In Rome there are 10 basilica and 58 churches dedicated to the worship of the Virgin Mary, more than in any other city in the world. Perhaps the most famous, because the oldest, is the basilica of Santa Maria in Trastevere, which overlooks the homonymous square. It seems that Santa Maria in Trastevere is the first church where the Mass was celebrated and also the first church dedicated to Virgin Mary, mother of Jesus. This information is not certain as it dates back to the dawn of time, but the beauty of this church is so that we are very willing to believe this. Tradition has it that the place was an oratory founded by Callisto in the third century, so called titulus Calixti at the times when Christianity was still illegal. When the real church was built by Pope Julius I in 340 or so, it was dedicated to Our Lady. So we’ll visit this magnificent church and we will think about the figure of the Madonna in today’s society, if she is present and “on our side” in our everyday life, if she affects our thoughts and our actions, or if she remains a “divine” figure, distant from us, Queen of Heaven to which we pay at most a fast prayer with our children when they go to sleep at night or on the rare occasions that we go to church.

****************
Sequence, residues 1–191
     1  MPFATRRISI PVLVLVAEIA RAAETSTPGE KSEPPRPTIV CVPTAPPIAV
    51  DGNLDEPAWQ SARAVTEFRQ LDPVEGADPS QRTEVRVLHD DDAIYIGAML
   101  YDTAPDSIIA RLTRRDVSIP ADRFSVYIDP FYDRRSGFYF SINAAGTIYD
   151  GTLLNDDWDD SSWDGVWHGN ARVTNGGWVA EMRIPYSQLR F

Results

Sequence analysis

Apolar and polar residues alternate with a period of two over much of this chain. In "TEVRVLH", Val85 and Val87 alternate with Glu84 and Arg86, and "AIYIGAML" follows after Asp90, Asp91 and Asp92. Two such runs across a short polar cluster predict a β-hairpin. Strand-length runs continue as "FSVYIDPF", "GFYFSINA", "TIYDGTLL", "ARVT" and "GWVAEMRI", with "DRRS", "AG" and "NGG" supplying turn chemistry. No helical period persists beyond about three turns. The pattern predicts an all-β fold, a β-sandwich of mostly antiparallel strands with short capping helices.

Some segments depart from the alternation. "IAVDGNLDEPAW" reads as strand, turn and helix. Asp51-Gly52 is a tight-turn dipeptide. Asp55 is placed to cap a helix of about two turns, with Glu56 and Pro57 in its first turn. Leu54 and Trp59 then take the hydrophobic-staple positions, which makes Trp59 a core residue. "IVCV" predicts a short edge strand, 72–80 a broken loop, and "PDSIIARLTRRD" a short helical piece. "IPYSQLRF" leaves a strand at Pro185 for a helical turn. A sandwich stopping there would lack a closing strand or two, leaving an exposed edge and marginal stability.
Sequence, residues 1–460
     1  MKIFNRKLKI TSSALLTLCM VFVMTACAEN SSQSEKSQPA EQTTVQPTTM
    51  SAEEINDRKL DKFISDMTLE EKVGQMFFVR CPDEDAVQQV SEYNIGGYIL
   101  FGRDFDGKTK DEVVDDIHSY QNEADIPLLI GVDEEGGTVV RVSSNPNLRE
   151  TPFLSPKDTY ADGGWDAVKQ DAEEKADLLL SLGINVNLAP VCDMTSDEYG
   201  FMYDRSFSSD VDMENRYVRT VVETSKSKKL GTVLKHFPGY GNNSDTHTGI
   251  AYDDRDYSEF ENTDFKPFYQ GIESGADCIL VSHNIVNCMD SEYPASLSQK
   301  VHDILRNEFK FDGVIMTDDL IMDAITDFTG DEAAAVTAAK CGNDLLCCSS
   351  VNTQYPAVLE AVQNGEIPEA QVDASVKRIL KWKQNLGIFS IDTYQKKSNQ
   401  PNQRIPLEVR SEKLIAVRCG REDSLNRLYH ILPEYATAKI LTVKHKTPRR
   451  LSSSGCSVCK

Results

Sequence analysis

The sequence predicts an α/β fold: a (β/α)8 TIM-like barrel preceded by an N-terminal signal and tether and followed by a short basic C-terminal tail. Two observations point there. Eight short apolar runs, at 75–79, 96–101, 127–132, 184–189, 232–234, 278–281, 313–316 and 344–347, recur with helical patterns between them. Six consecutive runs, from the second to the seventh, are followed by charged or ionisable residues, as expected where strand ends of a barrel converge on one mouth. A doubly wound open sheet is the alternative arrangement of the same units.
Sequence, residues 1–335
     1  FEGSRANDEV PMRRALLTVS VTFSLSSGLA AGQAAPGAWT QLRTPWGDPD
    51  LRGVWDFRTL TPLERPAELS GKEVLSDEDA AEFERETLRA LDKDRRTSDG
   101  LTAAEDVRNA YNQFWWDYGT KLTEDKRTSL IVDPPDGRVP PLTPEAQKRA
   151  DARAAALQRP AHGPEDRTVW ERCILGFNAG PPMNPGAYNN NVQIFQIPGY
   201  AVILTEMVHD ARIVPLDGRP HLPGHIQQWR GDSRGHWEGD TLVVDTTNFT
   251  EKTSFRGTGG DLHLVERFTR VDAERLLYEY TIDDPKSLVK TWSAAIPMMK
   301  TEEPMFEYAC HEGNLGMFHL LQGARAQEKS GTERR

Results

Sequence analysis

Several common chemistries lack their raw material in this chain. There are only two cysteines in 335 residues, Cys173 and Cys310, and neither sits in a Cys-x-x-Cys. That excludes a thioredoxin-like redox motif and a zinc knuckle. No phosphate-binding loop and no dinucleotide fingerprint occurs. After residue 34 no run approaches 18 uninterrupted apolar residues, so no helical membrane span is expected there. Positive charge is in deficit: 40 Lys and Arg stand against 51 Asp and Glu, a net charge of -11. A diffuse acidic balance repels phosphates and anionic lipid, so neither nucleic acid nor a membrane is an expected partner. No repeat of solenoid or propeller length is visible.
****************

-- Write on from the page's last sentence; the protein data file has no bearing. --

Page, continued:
Judging from the Internet, it seems that the Queen of Heaven is not as popular as we expected. We did a search on www.google.com by typing in the search box “Madonna” and the first three pages of the search results only offer sites and pages about Madonna, the singer and showgirl. Nothing that relates to the Virgin Mary. Then we did the same search on the new search engine www.duckduckgo.com and the results were decidedly better: after the first two lines that refer to Madonna, the singer, there’s a line that tells us that Mary is also the Jesus’ mother and a “religious figure”. If I think about how important the Madonna is in our culture, even for those who are not believers, and then I see how difficult it is to find information on her with a simple search on the Internet I believe that there is something wrong in our society. Or perhaps simply in search engines like Google. This is hard to say without more information.